Leaders are the back bone of any organization. They provide the purpose, direction and motivation for those who follow them. The people who function within the organization look to leadership for the guidance necessary to contribute to the accomplishment of organizational goals, as well as to be successful individually. Leaders are ultimately responsible for the success of the organization, but must rely on others to execute based on the guidance they give. This is a relationship that leaders must initiate and cultivate with everyone in their sphere of influence. Therefore, leaders must understand that in order to truly be successful, they must be servants to those who follow them.
When you think of being in a leadership position, the idea of being a servant may not be the first idea that comes to mind. In fact, servant-leadership is an oxymoron to many people. The fact of the matter; however, is that it is a real concept that many successful leaders use and are very successful because of it. This leadership style can only work when the leader is a selfless individual who genuinely cares about the health, welfare, success and growth of others. Here are some elements that contribute to great servant-leadership.
1. Servant-Leaders take great pleasure in helping others. These leaders are very astute in the art of ensuring that others are successful. They make other people around them better by providing all the available resource possible, including training, correction and encouragement. This type of leader attempts to add value to others. Not only do they help others, but they also provide the type of mentorship that causes them to become leaders as well. This type of leadership continues to reproduce over time, creating more leaders who develop an understanding of the concept of serving others.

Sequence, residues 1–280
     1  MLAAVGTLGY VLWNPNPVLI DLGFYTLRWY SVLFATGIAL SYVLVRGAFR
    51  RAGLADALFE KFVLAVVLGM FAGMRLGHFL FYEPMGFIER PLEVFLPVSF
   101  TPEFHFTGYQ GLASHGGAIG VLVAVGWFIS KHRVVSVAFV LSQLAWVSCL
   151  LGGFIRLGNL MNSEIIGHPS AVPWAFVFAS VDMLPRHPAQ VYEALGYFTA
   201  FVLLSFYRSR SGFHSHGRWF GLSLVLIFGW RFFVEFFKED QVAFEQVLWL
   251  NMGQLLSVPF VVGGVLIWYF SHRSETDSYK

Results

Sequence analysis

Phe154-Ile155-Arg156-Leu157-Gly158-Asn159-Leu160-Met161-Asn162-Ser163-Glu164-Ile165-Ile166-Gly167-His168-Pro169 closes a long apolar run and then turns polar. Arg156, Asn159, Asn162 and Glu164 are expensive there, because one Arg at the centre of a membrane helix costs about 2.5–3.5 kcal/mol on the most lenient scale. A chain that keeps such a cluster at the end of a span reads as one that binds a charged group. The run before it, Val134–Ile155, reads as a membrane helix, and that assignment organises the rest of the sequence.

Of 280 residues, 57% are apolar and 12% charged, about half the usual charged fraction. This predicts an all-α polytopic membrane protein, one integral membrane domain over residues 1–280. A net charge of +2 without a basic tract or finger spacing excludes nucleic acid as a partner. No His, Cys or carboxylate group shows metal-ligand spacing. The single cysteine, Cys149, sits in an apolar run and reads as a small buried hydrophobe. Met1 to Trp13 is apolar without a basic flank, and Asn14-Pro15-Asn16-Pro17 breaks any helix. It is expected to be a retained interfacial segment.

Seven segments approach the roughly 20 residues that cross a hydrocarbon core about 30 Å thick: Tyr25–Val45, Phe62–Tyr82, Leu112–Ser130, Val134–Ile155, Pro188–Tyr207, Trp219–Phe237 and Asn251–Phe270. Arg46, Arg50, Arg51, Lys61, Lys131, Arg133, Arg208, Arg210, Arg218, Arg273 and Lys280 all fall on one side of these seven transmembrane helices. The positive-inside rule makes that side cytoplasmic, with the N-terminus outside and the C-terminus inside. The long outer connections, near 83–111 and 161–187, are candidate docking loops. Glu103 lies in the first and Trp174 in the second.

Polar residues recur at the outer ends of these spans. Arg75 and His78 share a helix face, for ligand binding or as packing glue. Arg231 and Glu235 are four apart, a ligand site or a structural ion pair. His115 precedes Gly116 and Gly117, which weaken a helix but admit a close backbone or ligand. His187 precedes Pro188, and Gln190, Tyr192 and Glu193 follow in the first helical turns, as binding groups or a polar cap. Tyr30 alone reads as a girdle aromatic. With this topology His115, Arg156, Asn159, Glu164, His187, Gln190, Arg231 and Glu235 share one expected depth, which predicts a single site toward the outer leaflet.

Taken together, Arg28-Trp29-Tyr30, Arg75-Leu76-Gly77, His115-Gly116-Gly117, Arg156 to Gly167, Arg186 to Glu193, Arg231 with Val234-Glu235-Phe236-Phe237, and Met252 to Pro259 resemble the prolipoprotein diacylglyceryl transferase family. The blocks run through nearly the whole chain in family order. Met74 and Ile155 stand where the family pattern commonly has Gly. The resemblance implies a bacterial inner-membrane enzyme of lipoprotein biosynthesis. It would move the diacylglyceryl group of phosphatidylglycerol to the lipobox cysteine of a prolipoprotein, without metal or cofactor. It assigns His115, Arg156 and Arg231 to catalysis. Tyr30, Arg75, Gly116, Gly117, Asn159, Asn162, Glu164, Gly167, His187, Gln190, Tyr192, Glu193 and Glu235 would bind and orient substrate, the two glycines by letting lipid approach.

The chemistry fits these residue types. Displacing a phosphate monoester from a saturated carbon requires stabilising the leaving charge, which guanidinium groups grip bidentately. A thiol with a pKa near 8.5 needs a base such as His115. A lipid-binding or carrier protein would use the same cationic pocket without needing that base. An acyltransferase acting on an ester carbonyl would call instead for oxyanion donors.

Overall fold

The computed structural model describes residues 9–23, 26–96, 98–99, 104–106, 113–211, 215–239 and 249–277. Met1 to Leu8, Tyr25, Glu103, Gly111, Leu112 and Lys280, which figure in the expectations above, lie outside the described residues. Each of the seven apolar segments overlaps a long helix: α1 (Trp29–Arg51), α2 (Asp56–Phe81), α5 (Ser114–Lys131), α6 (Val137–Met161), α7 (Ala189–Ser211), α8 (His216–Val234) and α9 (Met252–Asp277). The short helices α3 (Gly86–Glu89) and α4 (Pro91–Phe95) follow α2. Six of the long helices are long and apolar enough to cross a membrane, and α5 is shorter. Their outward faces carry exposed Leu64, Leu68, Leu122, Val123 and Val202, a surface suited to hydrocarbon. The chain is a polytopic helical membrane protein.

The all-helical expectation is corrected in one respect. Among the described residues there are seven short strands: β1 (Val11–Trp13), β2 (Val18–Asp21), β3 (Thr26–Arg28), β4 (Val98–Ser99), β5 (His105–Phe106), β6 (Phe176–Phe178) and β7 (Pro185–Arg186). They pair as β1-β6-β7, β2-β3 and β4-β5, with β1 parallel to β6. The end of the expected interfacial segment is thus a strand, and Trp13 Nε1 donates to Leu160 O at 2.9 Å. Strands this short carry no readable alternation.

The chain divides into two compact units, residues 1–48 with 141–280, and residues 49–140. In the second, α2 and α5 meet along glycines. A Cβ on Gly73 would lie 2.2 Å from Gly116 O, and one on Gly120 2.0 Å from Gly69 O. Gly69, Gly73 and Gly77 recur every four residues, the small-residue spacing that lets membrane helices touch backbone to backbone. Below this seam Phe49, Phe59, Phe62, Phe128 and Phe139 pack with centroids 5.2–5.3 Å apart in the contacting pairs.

2. Servant-Leaders ignite other qualities in themselves and others. Leaders who adopt the concept of serving others also usually demonstrate positive character traits that are prevalent among great leaders such as love, kindness, respect, discipline and patience. This type of leader understands that there must be balance in their leadership style to be a successful leader.
3. Servant-Leaders acknowledge that they are part of something greater than themselves. Oftentimes, people think about themselves when it comes to being a great leader. If you fall into this category, ask yourself this question. Why do you want to be great? Is it so people can be in awe of your accomplishments or is it in the best interests of the greater entity. When a leader is more interested in the successful accomplishment of a goal or cause that is greater than them, their individual greatness often comes as a byproduct of their unselfishness.
Servant-Leadership is not for everyone. It takes a special leader to recognize that their true success lies in the success and growth of those they lead. It also takes a special person who is truly secure in their ability to serve, mentor, and lead.
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